Susan rate= y yds/ 9 seconds. How many minutes to run x yds at the same rate?

Convert yards/seconds into yards/ minutes.
(Y yards / 9 seconds) * (60 seconds / 1 min) = 60y yards / 9 minutes. This is rate.

Distance = x yards. Use D=RT to find the time.
X = (60y/9) (time)
(X / 1)* (9/60y) = 9x/60y

Answer: B
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Re: If Susan takes 9 seconds to run y yards, how many minutes will it take  [#permalink]

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New post 17 May 2017, 21:43
The answer is B.
She runs y yards in 9 seconds (or 9/60 minutes)
So, using the Unitary method, she runs 1 yard in (9/60y) Minutes.
She runs x yards = 9x/60y minutes.
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Re: If Susan takes 9 seconds to run y yards, how many minutes will it take  [#permalink]

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New post 19 May 2017, 03:29
USING.....
Speed=Distance/ Time
Susan runs y yards in 9 seconds
As we know, 1 minutes = 60 seconds
So, Susan runs y yards in 9/60 minutes
Now, using speed formula we can find her speed that will be 9/60y
Time in minutes she will take to run x yards at the same rate will be
= 9x/60y minutes.
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Re: If Susan takes 9 seconds to run y yards, how many minutes will it take  [#permalink]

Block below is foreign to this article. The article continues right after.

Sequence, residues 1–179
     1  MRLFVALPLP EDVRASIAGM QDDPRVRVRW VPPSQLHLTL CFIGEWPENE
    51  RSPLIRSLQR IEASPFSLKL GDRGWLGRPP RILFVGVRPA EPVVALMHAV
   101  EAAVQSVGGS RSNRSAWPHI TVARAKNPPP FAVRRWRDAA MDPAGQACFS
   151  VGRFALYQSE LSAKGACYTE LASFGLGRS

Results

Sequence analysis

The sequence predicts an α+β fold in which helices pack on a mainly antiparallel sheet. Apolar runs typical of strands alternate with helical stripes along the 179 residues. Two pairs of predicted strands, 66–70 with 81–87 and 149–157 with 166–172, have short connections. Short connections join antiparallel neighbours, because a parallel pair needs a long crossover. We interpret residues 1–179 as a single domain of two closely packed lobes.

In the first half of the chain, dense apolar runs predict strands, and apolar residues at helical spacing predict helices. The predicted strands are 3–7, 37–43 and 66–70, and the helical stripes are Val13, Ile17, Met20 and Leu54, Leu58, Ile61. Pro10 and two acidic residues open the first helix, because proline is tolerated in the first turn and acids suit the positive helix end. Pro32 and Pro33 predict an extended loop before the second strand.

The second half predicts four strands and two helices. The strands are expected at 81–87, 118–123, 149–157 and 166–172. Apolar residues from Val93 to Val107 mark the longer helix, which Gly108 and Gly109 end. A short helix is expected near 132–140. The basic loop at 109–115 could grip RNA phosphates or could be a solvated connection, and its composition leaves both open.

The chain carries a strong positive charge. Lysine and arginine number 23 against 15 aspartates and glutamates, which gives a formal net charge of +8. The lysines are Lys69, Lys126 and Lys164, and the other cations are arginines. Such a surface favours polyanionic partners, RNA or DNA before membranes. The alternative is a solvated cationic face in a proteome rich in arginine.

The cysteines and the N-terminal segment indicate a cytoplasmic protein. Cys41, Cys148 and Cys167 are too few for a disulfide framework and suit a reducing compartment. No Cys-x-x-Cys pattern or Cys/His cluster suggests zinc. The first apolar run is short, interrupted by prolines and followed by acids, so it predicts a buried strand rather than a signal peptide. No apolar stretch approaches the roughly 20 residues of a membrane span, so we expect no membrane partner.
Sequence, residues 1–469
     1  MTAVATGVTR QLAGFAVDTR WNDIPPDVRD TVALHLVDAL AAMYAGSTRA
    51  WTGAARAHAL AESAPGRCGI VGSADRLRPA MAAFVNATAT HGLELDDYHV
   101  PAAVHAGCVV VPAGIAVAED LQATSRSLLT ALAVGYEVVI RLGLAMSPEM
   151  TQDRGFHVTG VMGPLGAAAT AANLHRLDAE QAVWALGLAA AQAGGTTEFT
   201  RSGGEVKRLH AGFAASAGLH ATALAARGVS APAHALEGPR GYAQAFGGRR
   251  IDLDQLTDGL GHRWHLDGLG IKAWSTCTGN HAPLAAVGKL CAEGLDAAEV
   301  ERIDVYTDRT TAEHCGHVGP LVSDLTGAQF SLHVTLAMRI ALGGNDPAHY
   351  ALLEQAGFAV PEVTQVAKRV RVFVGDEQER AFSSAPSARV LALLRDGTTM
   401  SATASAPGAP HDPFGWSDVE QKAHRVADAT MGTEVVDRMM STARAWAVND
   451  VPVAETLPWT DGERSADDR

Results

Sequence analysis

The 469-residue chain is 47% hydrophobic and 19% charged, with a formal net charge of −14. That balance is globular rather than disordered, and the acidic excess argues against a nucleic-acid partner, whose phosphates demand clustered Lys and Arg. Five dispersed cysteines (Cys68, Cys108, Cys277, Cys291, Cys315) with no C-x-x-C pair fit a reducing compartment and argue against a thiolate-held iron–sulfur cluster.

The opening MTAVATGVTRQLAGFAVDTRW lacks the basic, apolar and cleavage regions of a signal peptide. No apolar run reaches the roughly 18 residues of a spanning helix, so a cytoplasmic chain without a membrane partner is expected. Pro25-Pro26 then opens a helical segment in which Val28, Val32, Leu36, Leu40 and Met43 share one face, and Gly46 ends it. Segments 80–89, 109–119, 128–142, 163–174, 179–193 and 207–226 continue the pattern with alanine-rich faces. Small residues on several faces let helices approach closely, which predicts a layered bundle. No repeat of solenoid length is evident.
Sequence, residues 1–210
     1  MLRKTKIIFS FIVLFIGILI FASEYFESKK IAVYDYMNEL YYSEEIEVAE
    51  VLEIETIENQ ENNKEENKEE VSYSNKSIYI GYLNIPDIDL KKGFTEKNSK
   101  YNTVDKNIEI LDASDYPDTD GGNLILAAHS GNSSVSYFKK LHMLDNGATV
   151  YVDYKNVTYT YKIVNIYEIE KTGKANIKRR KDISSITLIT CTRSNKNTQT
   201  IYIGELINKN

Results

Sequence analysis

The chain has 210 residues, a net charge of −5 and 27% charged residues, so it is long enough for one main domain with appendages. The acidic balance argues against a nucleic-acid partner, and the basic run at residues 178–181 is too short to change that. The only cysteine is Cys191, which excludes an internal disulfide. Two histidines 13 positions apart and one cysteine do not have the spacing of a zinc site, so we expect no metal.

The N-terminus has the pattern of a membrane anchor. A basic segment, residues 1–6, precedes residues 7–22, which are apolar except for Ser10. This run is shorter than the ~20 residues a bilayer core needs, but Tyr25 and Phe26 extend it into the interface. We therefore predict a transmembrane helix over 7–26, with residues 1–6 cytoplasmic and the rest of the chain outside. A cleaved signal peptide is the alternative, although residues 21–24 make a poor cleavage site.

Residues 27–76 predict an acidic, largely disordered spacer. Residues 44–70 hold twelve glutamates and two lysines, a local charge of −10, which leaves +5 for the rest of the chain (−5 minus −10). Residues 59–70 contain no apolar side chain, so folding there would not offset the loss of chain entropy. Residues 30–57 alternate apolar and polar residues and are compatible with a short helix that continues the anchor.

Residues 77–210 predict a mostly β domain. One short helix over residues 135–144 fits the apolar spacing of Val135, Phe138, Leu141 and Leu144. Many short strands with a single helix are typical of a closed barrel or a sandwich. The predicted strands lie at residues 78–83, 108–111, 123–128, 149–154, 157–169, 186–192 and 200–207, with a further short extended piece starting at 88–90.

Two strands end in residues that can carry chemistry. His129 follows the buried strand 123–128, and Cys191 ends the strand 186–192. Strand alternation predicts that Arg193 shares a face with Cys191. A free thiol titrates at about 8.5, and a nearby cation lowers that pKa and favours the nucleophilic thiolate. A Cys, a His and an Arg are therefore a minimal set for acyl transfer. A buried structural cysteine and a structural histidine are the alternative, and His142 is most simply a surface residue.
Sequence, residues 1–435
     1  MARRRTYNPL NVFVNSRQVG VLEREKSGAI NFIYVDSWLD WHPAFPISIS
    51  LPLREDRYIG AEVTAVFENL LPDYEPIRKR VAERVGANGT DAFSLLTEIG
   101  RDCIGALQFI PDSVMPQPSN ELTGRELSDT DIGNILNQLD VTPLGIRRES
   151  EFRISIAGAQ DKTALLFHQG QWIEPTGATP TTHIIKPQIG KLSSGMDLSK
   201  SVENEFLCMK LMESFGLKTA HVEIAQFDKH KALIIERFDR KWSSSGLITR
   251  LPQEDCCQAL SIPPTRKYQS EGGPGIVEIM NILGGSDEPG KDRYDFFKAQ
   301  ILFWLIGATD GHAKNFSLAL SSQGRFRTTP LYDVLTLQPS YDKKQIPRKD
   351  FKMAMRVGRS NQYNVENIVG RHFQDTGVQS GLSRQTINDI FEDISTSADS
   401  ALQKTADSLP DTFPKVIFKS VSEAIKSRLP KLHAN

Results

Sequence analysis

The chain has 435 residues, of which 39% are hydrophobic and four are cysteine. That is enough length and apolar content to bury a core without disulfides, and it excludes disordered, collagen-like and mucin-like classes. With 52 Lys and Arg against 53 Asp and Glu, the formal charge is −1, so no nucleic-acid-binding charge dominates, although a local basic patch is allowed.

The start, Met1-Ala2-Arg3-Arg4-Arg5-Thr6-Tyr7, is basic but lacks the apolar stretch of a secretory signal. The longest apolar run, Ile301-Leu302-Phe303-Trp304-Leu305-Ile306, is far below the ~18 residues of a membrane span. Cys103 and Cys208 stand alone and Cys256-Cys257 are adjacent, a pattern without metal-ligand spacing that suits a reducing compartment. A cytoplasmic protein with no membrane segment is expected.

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New post 22 May 2017, 18:36
Bunuel wrote:

Tough and Tricky questions: Distance/Rate.



If Susan takes 9 seconds to run y yards, how many minutes will it take her to run x yards at the same rate?

A) xy/9
B) 9x/(60y)
C) 60xy/9
D) xy/540
E) 540x/y


We are given that the rate of Susan is y/9 yards per second and we need to determine how many minutes it will take her to run x yards.

time = distance/rate

time = x/(y/9) = 9x/y seconds

Let’s convert 9x/y seconds to minutes:

9x/y seconds = (9x/y)/60 = 9x/(60y) minutes

Answer: B
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Re: If Susan takes 9 seconds to run y yards, how many minutes will it take &nbs [#permalink] 22 May 2017, 18:36